Difference between revisions of "Create root filesystem snapshots with LVM"

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This article will show you how to setup LVM snapshot creation during system start.
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[[Category:System recovery]]
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{{Article summary start}}
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{{Article summary text|This article will show you how to setup LVM snapshot creation during system start.
 
Such snapshots can be used for [[Full System Backup with tar|full system backups]]
 
Such snapshots can be used for [[Full System Backup with tar|full system backups]]
 
with minimal downtime or testing system updates or changes with the option to revert
 
with minimal downtime or testing system updates or changes with the option to revert
them.
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them.}}
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{{Article summary heading|Required software}}
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{{Article summary text|{{pkg|lvm2}}, {{pkg|systemd}}}}
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{{Article summary heading|Related}}
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{{Article summary wiki|LVM}}
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{{Article summary wiki|Full System Backup with tar}}
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== Prerequisites ==
 
== Prerequisites ==
  
A system with [[LVM]] root and [[systemd]].
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A system with [[LVM]] root filesystem and [[systemd]].
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Check if [[Lvm#Snapshots|LVM snapshots]] are correctly setup.
  
  
 
== Setup ==
 
== Setup ==
 
Check if [[Lvm#Snapshots|LVM snapshots]] are correctly setup.
 
  
 
During system start a clean snapshot of the root volume is
 
During system start a clean snapshot of the root volume is

Revision as of 13:56, 27 April 2013

Template:Article summary start Template:Article summary text Template:Article summary heading Template:Article summary text Template:Article summary heading Template:Article summary wiki Template:Article summary wiki Template:Article summary end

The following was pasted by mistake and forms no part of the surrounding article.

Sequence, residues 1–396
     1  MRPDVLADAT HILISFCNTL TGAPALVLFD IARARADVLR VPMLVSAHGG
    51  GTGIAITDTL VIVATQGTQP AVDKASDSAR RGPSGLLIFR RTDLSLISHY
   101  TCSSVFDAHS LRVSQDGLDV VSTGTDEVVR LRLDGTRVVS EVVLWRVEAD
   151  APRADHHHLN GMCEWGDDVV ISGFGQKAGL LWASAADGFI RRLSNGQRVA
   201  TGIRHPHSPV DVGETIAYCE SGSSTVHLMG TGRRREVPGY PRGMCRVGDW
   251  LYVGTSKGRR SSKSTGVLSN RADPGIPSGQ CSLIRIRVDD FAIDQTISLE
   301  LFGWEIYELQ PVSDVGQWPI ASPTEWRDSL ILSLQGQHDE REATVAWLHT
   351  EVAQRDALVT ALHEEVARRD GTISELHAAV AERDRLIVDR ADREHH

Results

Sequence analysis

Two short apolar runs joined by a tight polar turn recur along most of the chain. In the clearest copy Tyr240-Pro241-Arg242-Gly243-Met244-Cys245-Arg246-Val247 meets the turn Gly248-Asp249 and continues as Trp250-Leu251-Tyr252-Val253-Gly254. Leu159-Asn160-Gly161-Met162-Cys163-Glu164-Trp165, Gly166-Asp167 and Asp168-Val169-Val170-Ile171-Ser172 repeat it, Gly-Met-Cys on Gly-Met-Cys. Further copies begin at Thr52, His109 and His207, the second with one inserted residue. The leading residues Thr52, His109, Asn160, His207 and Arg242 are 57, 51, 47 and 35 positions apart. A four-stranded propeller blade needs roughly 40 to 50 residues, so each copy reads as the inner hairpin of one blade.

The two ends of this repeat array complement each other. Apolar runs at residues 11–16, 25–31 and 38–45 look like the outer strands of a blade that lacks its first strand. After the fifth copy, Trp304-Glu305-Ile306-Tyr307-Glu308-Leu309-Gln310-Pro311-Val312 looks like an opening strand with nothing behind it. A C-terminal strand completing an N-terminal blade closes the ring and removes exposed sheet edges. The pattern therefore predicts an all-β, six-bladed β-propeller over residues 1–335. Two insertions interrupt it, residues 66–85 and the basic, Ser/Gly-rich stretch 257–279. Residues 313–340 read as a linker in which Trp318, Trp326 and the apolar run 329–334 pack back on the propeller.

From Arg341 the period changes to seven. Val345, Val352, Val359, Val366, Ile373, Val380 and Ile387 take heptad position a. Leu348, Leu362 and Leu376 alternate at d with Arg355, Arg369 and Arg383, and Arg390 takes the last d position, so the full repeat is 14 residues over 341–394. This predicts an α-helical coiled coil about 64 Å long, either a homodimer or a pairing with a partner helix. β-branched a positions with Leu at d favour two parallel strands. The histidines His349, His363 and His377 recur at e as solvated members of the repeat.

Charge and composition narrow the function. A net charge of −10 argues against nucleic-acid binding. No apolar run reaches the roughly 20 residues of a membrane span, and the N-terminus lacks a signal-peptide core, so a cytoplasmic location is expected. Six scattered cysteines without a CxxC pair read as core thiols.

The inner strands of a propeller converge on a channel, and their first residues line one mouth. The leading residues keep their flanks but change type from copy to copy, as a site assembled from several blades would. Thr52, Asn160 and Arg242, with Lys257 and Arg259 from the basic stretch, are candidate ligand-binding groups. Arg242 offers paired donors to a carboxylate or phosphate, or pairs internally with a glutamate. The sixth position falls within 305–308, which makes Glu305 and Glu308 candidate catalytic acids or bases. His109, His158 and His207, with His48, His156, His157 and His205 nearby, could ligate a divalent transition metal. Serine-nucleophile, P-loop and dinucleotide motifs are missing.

Prerequisites

A system with LVM root filesystem and systemd. Check if LVM snapshots are correctly setup.


Setup

During system start a clean snapshot of the root volume is created using a new service. Create /etc/systemd/system/mk-lvm-snapshots.service containing:

[Unit]
Descriptionm=ake LVM snapshots
Requires=local-fs-pre.target
DefaultDependencies=no
Conflicts=shutdown.target
After=local-fs-pre.target
Before=local-fs.target

[Install]
WantedBy=make-snapshots.target

[Service]
Type=oneshot
ExecStart=/usr/sbin/lvcreate -L10G -n snap-root -s lvmvolume/root

Adapt the lvcreate command to match your root volume group and volume name.

Create a new systemd target /etc/systemd/system/make-snapshots.target with this service:

[Unit]
Description=Make Snapshots
Requires=multi-user.target

Adapt the base target, if multi-user.target is not your default target.

Enable the new service with systemctl enable mk-lvm-snapshots.service.

If the system is started with the new target, LVM snapshot(s) are created just after mounting the local filesystems. To get a grub menu entry starting this target create /boot/grub/custom.cfg based on the grub.cfg entry for your normal startup. The kernel command line is extended to start the new make-snapshots.target:

### make snapshots ###
menuentry 'Arch GNU/Linux, make snapshots' --class arch --class gnu-linux --class gnu --class os $menuentry_id_option 'gnulinux-core repo kernel-true-...' {
...
        echo    'Loading Linux core repo kernel ...'
        linux   /boot/vmlinuz-linux root=/dev/mapper/lvmvolume-root ro systemd.unit=make-snapshots.target
        echo    'Loading initial ramdisk ...'
        initrd  /boot/initramfs-linux.img
} 

Remember to adjust custom.cfg if grub.cfg changes.

After restarting the system with this grub entry lvs should show up the newly created snapshot. To get the messages of the new service use journalctl -u mk-lvm-snapshots.service.

Usage

Backup

To use this functionality for a full system backup, restart your system with the snapshot creation target. Mount the snapshot volume (and further volumes, if required), preferably using the read only (-o) option. Then backup your system, for example with tar as described in Full_System_Backup_with_tar.

During backup you can continue your system normally, since all changes to your regular volumes are invisible in the snapshots. Do not forget to delete the snapshot volume after the backup -- changes to your regular volume will use up space in the snapshot due to the copy-on-write operations. If the snapshot space becomes fully used LVM will deny further writes to your regular volumes, which should be avoided.

Revert updates

An other use for LVM snapshots is testing and reverting of updates. In this case create a snapshot for the system in a known good state and perform updates or changes afterwards.

If you want to permantly stick to the updates just drop the snapshot. If you want to revert to the snapshotted state issue a lvchange --merge for the snapshot. During the next restart of the system the snapshot is merged back into your regular volume. All changes to the volume happened after the snapshot are undone.

Known issues

Due to bug 681582 shutting down the system with active snapshots may hang for some time.